Post by grumpymike »

AJOwens wrote:
Tue Jun 02, 2020 9:52 am
If your Constitution can put a stop to this obvious descent into fascism, good for it.
Everyone involved here has sworn an oath to the Constitution. Not the queen. Not the government. But the rules of engagement. I pray they all take their oaths seriously.

Mostly every citizen has said the pledge of allegiance to the republic thousands of times. (This is why it is important, people.)

AJOwens wrote:
Tue Jun 02, 2020 9:52 am
The problem is not political. Ultimately, it is sociological. The "society of the spectacle" (Debord) has replaced politics with reality TV.
...
The Nietzschean Superman, making his own rules beyond good and evil, has come home to roost in America.
Nietzche wrote "God is dead" because he believed we were capable of making our own rules for ourselves.

All of the key founding fathers of the USA wrote something to the effect of, "a moral populace is required to maintain a free republic". This makes me even more saddened to see the president use religion as a prop here. Unfortunately, he's playing up the (IMO misguided) persecuted feeling of a lot of folks. One day last week, our police were threatening to ticket churches for too many people gathering. The next day, they were standing by and watching a horde loot. Right or wrong, they perceive it as an unequal application of justice.

When everyone makes up their own rules, you end up with division and ultimately might-is-right. So, the question is, do we have enough people with a conscience for the greater good? I think so. I hope so.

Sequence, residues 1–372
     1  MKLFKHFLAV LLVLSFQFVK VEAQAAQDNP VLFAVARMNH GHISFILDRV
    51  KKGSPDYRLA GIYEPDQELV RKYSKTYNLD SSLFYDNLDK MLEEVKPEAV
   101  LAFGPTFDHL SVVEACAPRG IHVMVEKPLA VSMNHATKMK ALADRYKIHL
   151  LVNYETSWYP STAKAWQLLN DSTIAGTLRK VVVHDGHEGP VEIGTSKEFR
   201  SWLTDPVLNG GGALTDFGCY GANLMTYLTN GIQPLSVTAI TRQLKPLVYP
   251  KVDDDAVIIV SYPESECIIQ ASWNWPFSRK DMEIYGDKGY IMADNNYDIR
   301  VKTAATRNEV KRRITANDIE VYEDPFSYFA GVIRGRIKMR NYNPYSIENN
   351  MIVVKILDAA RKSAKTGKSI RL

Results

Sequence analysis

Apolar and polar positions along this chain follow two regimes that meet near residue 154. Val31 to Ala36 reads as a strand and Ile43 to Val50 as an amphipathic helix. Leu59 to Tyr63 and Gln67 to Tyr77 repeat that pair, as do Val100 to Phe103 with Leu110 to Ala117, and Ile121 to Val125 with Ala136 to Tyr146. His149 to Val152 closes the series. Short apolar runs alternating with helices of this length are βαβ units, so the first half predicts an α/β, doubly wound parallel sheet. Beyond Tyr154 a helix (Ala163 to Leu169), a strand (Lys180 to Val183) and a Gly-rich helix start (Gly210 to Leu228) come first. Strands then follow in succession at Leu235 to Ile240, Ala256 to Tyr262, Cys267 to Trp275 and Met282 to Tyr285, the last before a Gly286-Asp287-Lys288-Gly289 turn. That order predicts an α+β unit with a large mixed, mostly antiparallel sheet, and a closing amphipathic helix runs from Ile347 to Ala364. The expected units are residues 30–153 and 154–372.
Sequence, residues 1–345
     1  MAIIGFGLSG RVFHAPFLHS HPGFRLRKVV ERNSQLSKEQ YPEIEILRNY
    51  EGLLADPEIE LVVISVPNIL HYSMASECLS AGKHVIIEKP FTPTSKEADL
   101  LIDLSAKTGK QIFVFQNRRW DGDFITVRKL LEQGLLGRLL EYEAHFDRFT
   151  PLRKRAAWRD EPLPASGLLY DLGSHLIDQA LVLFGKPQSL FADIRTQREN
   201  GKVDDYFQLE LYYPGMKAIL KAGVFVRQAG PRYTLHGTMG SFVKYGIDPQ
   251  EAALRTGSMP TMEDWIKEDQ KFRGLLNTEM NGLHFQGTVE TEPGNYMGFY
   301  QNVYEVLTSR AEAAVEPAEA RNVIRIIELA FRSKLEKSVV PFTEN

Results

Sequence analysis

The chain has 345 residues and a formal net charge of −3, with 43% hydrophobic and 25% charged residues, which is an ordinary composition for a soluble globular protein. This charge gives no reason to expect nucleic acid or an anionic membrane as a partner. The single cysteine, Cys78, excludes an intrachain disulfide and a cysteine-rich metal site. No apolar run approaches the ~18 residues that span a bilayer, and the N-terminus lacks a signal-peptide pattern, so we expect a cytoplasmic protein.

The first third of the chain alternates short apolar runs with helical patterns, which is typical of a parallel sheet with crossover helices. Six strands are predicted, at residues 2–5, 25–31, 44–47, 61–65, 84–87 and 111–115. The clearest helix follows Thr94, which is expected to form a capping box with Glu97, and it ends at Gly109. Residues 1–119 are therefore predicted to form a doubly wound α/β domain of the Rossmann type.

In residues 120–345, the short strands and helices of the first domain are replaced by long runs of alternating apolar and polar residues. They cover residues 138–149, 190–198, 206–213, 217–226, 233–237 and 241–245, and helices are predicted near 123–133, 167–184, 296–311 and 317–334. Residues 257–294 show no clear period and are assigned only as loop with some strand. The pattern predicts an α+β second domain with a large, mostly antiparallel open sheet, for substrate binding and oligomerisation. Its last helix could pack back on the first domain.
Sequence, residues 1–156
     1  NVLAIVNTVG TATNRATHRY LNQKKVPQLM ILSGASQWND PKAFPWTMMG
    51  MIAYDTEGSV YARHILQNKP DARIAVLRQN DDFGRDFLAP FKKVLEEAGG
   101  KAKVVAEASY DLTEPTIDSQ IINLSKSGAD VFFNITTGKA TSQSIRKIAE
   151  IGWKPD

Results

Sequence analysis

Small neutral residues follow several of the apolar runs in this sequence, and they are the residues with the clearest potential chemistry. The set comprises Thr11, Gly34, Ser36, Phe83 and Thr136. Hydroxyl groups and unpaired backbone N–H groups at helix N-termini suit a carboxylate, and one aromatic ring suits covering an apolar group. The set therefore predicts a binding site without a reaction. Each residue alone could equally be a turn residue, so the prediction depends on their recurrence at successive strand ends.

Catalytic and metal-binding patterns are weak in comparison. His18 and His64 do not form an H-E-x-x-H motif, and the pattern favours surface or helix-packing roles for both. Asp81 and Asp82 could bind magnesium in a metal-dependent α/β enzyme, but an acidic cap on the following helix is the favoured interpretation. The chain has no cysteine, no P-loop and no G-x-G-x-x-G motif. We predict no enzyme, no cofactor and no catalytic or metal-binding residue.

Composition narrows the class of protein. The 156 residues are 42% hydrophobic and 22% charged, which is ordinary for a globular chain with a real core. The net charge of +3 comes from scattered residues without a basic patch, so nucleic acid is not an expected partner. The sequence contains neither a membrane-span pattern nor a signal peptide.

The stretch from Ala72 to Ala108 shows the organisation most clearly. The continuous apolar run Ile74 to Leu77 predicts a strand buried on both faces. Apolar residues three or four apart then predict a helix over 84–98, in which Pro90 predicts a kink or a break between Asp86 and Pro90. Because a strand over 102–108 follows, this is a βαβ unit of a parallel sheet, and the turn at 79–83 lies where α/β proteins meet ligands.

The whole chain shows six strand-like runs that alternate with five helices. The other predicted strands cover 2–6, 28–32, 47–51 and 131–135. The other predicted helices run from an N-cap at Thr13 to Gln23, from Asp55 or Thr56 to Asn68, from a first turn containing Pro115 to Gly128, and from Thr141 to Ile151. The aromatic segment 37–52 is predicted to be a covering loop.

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Re: Modern democracy (was: COVID-19 freakout thread)

Post by Lunkhead »

This SF Chronicle article does a surprisingly good job of covering the anti anti fascism thing:

https://www.sfchronicle.com/politics/ar ... 309464.php
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Re: Modern democracy (was: COVID-19 freakout thread)

Post by Caravan Ray »

Lunkhead wrote:
Tue Jun 02, 2020 10:10 am

I'd be curious to see an American and an Australian responding to this about an Australian news crew being pummeled on live broadcast in DC

https://www.theaustralian.com.au/busine ... 59ca9ec917
Hard to know what happened there - you can't draw conclusions from a few seconds of footage. We need to consider:

a) I feel for the coppers - they are doing what they're told in a crap job and a lot of them must be shitscared knowing that any bastard could have a gun down their daks.

b) jobs like the police and military do attract a certain "type" - and that thump on the cameraman seemed entirely unnecessary, and

c) the channel 7 Sunrise program that those people work for is the worst type of tabloid trash - did they really need to encourage 2 young people to place themselves in a potentially hazardous situation just to get footage for some morning TV nong to try to look concerned about?

I am seeing c) as the overriding thing here and I hope that cameraman is a union member and his employers are told to pull their heads in.


BTW - you linked to "The Australian". Can you see that over there? It is behind a firewall here - I can't see your link. Not that I want to - The Australian is owned by that American fellow - Mr Rupert Murdoch. There are still a few proper journalists who write news there - but mainly it is just a rogues gallery of dribbling racist nut job "opinion writers" screaming about the global warming hoax and Asian invasion.